Biotechnology for Agriculture in Nigeria - September 2012


Published on

Presentation by Prof Christian Fatokun, International Institute for Tropical Agriculture, Ibadan, Nigeria
Delivered at the B4FA Media Dialogue Workshop, Ibadan, Nigeria - September 2012

Published in: Technology
  • Be the first to comment

  • Be the first to like this

No Downloads
Total views
On SlideShare
From Embeds
Number of Embeds
Embeds 0
No embeds

No notes for slide

Biotechnology for Agriculture in Nigeria - September 2012

  1. 1. Biotechnology for Agriculture in Nigeria
  2. 2. Fermentation: Production of alcohol from sorghum or sugar cane, akanmu from corn etc. Tissue Culture: Small plant parts placed on nutrient media containing hormones. Biotechnology:- Manipulation of biological elements (plant or animal) to develop new products
  3. 3. Modern Biotechnology; Genetic engineering; R-DNA technology; Transformation:- A gene is taken from one organism and inserted in another to give the latter the desired trait. Transgenic is produced. :- Genomics: Sequences of nucleotides that make up DNA.
  4. 4.
  5. 5. According to International Service for the Acquisition of Agric- biotech Applications – ISAAA in 2011 GM adoption was by 16.7 million farmers On 160 million hectares In 29 countries: 10 developed : 19 developing In Africa on 2.5 million hectares Crops: Corn Soybean Cotton Canola
  6. 6. In Nigeria Agriculture is characterized by: Low Productivity – Small Holdings, subsistence – Poor soils – Mercy of the rains – Limited access to irrigation facilities – Unimproved planting materials – Diseases, Pests, Drought, Heat, Weeds – Storage and Transportation – Inadequate funds – Limited mechanisation (Inadequate tools) – Ageing farming population
  7. 7. Major Food Crops Tubers: • Cassava, Yams, Potatoes, Cocoyam Grains: Maize, Rice, Sorghum, Millet, Cowpea, Soybean, Bambara, Pigeonpea, Phaseolus beans Plantains/Bananas Fruits and vegetables Oil Palm/ Coconut/ Groundnut
  8. 8. Planting yam in mounds Yam production and marketing
  9. 9. At IITA tissue culture is being applied to facilitate crop improvement In plantain/banana:- Black sigatoka disease
  10. 10. Plantain/Banana Constraints:- Black sigatoka - 40% yld loss; - Banana streak virus – 60% yld loss; - Weevils - Nematodes - Fusarium wilt/ Bacterial wilt - Banana die back virus B l a c k S i g a t o k a B a c t e r i a l w i l t F u s a r i u m w i l t D i s e a s e s o f b a n a n a a n d p l a n t a i n
  11. 11. Embryo rescue of hybrid seeds Embryo rescue for hybrid seed
  12. 12. - Mostly grown and consumed in SSA - High protein content in grains up to 25%; - Hence cheap source of protein; - Approx 3.3 m tonnes on 9.8 m ha; - Average grain yield is 600 kg/ha; - Potential grain yield is upto 2.0 t/ha. Cowpea – called beans in Nigeria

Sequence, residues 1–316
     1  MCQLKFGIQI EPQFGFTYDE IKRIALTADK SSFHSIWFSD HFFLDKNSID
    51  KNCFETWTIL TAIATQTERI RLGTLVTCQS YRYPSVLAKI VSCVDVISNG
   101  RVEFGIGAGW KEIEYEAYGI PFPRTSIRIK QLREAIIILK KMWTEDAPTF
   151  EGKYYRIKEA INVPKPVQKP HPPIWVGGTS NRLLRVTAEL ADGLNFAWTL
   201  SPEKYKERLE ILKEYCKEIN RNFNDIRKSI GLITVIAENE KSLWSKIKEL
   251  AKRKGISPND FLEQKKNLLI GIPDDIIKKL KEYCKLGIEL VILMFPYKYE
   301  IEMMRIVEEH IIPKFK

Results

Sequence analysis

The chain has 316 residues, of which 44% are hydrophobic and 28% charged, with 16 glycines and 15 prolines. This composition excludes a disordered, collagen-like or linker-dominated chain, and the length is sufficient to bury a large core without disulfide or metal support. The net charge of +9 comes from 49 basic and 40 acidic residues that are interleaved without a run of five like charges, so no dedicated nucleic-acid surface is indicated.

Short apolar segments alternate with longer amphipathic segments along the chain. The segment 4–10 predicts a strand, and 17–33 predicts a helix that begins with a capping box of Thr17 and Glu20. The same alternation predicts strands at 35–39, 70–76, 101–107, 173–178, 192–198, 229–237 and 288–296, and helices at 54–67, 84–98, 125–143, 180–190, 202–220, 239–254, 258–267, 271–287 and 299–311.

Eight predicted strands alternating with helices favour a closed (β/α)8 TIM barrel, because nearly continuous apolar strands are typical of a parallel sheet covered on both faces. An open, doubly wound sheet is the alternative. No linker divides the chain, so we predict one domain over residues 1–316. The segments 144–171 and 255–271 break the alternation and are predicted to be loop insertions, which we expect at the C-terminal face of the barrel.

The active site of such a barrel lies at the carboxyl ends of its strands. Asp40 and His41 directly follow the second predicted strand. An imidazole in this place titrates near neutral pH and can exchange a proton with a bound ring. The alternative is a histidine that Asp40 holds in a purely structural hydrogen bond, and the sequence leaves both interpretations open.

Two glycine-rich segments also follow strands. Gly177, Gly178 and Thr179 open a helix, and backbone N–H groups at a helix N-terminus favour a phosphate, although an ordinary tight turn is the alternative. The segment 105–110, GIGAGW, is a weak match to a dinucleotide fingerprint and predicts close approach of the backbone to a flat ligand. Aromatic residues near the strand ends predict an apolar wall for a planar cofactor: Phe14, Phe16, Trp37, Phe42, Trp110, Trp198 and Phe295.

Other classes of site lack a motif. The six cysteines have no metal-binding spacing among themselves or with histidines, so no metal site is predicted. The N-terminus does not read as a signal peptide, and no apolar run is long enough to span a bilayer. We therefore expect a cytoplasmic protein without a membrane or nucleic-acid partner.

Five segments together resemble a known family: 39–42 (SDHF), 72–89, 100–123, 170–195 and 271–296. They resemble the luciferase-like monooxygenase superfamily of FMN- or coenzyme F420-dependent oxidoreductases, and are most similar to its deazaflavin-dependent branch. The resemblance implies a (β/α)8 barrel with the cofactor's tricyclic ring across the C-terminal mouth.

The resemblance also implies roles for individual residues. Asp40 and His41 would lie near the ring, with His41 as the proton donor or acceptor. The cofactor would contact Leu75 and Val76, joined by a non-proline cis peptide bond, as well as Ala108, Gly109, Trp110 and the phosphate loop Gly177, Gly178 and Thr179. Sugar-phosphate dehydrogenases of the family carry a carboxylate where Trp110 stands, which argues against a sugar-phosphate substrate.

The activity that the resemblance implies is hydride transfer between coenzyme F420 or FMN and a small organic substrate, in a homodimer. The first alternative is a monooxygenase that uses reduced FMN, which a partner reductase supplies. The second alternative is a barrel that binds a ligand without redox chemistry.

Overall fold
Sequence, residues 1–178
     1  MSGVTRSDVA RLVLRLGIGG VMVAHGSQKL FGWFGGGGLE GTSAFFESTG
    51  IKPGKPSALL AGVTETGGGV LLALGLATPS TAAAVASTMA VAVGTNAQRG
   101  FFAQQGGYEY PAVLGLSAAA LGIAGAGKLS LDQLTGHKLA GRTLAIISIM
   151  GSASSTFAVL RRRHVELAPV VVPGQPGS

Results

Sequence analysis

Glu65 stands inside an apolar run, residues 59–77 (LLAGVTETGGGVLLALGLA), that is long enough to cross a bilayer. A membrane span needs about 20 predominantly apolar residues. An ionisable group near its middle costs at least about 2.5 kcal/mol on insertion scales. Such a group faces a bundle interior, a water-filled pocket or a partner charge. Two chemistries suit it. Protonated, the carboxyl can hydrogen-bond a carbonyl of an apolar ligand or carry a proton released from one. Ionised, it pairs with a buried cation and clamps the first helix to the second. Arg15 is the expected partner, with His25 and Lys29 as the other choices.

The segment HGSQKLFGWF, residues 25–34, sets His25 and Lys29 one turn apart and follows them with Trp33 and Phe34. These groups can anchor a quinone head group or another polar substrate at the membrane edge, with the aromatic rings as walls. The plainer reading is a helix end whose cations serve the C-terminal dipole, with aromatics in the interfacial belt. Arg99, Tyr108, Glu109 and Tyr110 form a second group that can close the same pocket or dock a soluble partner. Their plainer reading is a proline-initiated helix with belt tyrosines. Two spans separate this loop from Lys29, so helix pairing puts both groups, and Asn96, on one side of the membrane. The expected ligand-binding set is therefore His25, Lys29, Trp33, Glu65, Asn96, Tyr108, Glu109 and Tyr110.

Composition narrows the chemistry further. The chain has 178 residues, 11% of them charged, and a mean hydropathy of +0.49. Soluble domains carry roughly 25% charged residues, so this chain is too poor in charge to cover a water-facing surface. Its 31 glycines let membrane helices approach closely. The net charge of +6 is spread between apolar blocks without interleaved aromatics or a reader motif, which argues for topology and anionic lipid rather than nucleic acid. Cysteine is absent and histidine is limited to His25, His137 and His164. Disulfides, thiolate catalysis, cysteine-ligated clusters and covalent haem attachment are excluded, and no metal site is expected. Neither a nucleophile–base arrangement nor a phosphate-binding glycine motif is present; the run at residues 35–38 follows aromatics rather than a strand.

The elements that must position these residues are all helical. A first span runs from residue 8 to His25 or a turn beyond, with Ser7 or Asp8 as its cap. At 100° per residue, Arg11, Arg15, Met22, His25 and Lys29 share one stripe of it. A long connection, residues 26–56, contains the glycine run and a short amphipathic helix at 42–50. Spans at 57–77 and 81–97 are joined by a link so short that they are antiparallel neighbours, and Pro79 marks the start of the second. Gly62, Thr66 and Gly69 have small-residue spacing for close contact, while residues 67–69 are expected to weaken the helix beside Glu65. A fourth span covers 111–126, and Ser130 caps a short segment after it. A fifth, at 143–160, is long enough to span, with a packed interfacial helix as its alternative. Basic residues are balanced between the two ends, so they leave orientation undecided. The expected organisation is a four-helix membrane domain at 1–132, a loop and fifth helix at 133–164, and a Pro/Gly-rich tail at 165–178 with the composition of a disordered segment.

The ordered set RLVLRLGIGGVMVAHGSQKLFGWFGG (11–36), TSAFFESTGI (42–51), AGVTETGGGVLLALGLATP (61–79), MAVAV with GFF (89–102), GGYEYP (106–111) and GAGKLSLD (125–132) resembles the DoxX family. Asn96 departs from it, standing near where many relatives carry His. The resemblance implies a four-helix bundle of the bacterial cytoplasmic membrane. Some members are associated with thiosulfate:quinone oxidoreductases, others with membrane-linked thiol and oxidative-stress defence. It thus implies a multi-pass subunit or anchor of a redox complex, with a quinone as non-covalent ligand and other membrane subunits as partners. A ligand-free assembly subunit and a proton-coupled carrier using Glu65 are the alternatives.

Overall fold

13. 13. Biotic contsraints:– Aphids; Flower bud thrips; Legume pod borer; Pod sucking bugs; Grain Weevil; Bacterial blight; Fusarium wilt; Striga gesnerioides. Cowpea
  14. 14. An intractable pest is Maruca vitrata
  15. 15. Maruca larva Screened over 10,000 accessions for resistance; Led to efforts at developing GM cowpea with Bt gene; Cowpea with Bt gene now available.
  16. 16. Bt cowpea has been evaluated under confined field trials Bt gene efficacious against Maruca vitrata Further evaluations in B. Faso and Ghana Plans to transfer Bt gene to good genetic background Marker assisted selection to facilitate
  17. 17. Anoplocnemis curvipes Damaged pods Pod sucking bugs
  18. 18. Benefits of Biotechnology • Rapid multiplication of new clones/varieties • Prolonging Shelf Life of Fruits, Vegetables and Flowers • Extend Crop Area and Season – Stress Tolerance - Drought, Acidity, Salinity, Heat, Water logging • More Nutritious Food • Healthy Produce, Low Toxins • Pharmaceutical Proteins • Clean Up of Environment • Industrial Products • Value-Added Products
  19. 19. Improved food safety Improving Cassava for Nutrition, Health and Sustainable Development - BioCassava Plus, a multi-disciplinary team of scientist- Ohio State University, USA and DDPSC - Acyanogenic cassava
  20. 20. Food fortification • Rice for High Beta Carotene, Vitamin E and Enhanced Iron and Zinc bioavailability - ProVitaMinRice Consortium, Albert-Ludwigs- Universität Freiburg, Germany
  21. 21. Both are derived from same ancestor, Brassica oleracea. They were devoped over several years and generations through breeding and selection. With bioengineering can be made more precisely over a short period of time. (Bradford et al. 2004) Cauliflower Broccoli
  22. 22. Recombinant technology Conventional technology Gene source Unlimited Usually limited to relatives within species; could also between genera Usually one or a few known genes Usually many blocks of genes of unknown identity Gene flow can be monitored during subsequent generations Individual gene flow can be monitored Location of genes Random into recipient genome Normally – but not always – genes remain in sites in which they evolved - Source: Boulter, 1995
  23. 23. Marker assisted breeding using DNA in cassava and cowpea Cowpea: Aphid resistance Bacterial blight resistance Striga resistance Drought tolerance
  24. 24. Is Nigeria prepared for GMOs? Some challenges Research infrastructure:- Few trained scientists in molecular biology Only few laboratories exist with facilities for biotech research – SHESTCO was to be a flagship Virtually all needed reagents have to be imported Good news is possibility for outsourcing some services
  25. 25. Is Nigeria prepared for GMOs? Some challenges Complex crop combinations in farmers’ fields make certain GMO crops unattractive Only a few GM crops are available for planting Likely increase in cost of procuring seeds for planting Limited access to inputs for more productive farming Insufficient information on GMOs Fear of consumers attitude to produce IPR issues Biosafety regulations
  26. 26. Thank You for Listening